AI and Speed

By TAP Guest Blogger

Posted on November 28, 2018


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The Digital Life Initiative (DLI) at Cornell Tech explores the societal tensions arising from existing and emergent digital technologies. In September, the DLI team hosted the Speed Conference, a two-day event aimed at examining the societal and ethical challenges inherent in the radical processing speeds of artificial intelligence (AI). The DLI team shares the following highlights from this conference.

 

Speed Conference began with a provocation: How do we sustain meaningful human and societal oversight of AI given radically different processing speeds? Over the course of the two-day conference, twenty speakers from diverse fields presented suggestions for addressing these issues.

 

Along with scale and complexity, speed is one of the defining problems of algorithmic oversight. Intelligent systems and human actors operate at vastly different speeds, and these differences present challenges for managing and responding to algorithmic decisions. Despite speed’s importance, discussions about the topic have been isolated in areas such as robotics, finance, warfare, and online communication.

 

Speed Conference, held at Cornell Tech on September 28 and 29 2018, brought together nearly a hundred academics and practitioners to identify common themes and potential solutions in areas of speed, AI, and algorithmic oversight. Six panels of experts presented their research in areas of autonomous vehicles, warfare, information security, labor and manufacturing, content moderation, and finance. Panel discussions invited thought-provoking questions from the audience.

 

Panel 1 | Fast, Cheap, and Out of Control

 

The first panel served as an introduction to the conference. Its first speaker, Cornell tech professor and DLI director Helen Nissenbaum, began the discussion with an overview of the state of AI and the common concerns that have arisen from its use, such as accountability and oversight. Speakers Wendy Ju and Andrea Matwyshyn presented test cases and “fables” as provocations for thinking about the present and future of AI and speed.

 

The speakers also reflected on the importance of accessible AI research, the unpredictability of technology, and the value of alternate points of view in thinking about AI. The panel concluded with a discussion of the unmentioned point in the panel title: “cheap”. Panelists noted that AI may force changes in supply chain that can reduce the price of goods and services.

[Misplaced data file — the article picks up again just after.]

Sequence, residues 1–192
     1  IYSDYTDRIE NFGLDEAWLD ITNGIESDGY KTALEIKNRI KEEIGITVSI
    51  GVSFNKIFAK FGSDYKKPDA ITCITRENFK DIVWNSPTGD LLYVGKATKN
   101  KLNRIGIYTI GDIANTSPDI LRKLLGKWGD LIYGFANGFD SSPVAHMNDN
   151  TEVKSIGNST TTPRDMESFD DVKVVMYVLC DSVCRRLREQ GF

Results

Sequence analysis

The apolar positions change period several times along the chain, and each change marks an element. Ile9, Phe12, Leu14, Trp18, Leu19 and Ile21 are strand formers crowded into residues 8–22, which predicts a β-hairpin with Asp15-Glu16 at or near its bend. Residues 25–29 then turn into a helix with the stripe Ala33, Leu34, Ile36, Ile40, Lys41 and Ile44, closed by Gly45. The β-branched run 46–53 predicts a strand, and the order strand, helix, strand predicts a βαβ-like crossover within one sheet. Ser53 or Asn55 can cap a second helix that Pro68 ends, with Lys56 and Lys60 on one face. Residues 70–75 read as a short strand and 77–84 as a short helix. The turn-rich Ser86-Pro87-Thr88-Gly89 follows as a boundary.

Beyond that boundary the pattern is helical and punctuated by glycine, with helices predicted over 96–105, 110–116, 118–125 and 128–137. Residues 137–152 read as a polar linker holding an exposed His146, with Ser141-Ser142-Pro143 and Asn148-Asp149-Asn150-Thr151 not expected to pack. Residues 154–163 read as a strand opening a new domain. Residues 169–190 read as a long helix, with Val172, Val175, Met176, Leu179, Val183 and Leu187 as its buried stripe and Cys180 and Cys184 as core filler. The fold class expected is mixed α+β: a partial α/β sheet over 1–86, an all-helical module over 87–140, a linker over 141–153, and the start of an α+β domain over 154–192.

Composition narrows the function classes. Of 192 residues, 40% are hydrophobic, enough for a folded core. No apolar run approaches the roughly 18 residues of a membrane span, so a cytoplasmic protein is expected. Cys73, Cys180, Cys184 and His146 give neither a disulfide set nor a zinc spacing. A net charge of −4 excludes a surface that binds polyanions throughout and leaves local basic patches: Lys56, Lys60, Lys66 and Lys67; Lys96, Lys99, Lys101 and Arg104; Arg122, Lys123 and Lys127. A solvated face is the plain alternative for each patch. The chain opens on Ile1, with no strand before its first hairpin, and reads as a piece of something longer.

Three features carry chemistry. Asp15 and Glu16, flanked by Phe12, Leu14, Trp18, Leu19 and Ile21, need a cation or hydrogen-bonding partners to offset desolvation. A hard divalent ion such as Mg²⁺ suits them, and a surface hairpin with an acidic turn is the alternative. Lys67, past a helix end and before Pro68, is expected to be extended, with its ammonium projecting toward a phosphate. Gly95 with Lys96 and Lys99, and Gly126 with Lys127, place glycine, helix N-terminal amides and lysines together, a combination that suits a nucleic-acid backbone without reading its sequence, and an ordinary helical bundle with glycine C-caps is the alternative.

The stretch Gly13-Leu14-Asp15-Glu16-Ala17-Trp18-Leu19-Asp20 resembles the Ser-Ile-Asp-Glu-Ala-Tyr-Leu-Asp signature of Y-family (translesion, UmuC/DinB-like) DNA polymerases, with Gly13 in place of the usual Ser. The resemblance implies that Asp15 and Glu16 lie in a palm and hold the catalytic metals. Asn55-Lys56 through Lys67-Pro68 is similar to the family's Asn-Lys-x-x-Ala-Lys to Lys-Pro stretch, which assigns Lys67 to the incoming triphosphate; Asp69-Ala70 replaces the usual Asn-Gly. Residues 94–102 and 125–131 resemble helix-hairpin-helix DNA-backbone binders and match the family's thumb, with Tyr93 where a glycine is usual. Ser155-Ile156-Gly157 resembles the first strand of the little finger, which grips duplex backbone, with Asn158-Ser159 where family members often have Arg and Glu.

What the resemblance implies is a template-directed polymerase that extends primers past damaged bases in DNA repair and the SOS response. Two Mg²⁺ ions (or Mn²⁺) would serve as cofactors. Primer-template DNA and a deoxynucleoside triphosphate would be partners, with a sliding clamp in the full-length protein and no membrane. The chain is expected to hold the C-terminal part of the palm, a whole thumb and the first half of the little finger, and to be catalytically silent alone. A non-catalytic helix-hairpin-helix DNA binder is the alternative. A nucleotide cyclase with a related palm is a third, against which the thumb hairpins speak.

Panel 2 | Content Moderation

 

The second panel focused on speed in the context of content moderation, communication, and news. Speakers James Grimmelmann, Kate Klonick, Jason Farman, and Mike Ananny presented their ideas on how speed distorts the spread of ideas, and how speed is vital to preventing the spread of harmful information. But with the importance of speed comes the importance of lack of speed. The speakers also focused on the utility of slowness and pauses in the production, transmission, and consumption of news and other content.

 

The importance of context was an important theme throughout this panel. Context determines whether we consider something to be slow or fast, impacts how we interpret fast-moving memes, and helps us quickly decide whether a person or event is newsworthy. Context is also vital in determining how to regulate or govern these fast-moving systems.

 

Panel 3 | Warfare and Policing

 

The third panel of the conference explored issues of speed in warfare and autonomous weapons systems. Speakers Frank Pasquale, Peter Asaro, and Mary “Missy” Cummings brought both theoretical and practical perspectives to their analysis of the problems and potential of AI in warfare. They also present a variety of frameworks for automation in military contexts, and explore the points in these frameworks that are impacted by speed.

 

It is between the theoretical and practical considerations that one of Speed Conference’s most interesting debates arises. Legal and moral perspectives on the development of autonomous weapons are concerned with the potential for AI-driven conflict, the accountability and agency assigned to weapons systems, and the importance of considering human dignity when autonomous decisions are made. These perspectives consider the history of speed and its relation to military power, and promote the need for careful regulation of autonomous weapons systems.

 

On the other hand, consideration of autonomous systems as they are currently used in military contexts – rather than how they might theoretically be used – offers a different picture of the future. Instead of complicating moral judgments and causing errors, automation is used in a way that allows even more deliberation of weapon use and allows for better (and slower) decision-making. While theoretical perspectives concern themselves with the ethics of military applications of AI, practical frameworks point to places where autonomous technologies could have immediate utility.

 

Panel 4 | With All Deliberate Speed (security)

 

The conference’s fourth panel explored the broad issues of information security and Internet infrastructure. Panelists Steven Jackson, Fenwick McKelvey, Paul Ohm, and Jonathan Frankle discussed their work on internet infrastructure and security, and how speed impacts these areas. To a great extent, the speakers on this panel all discussed the contrast between how speed and delay are seen and the impact they actually have.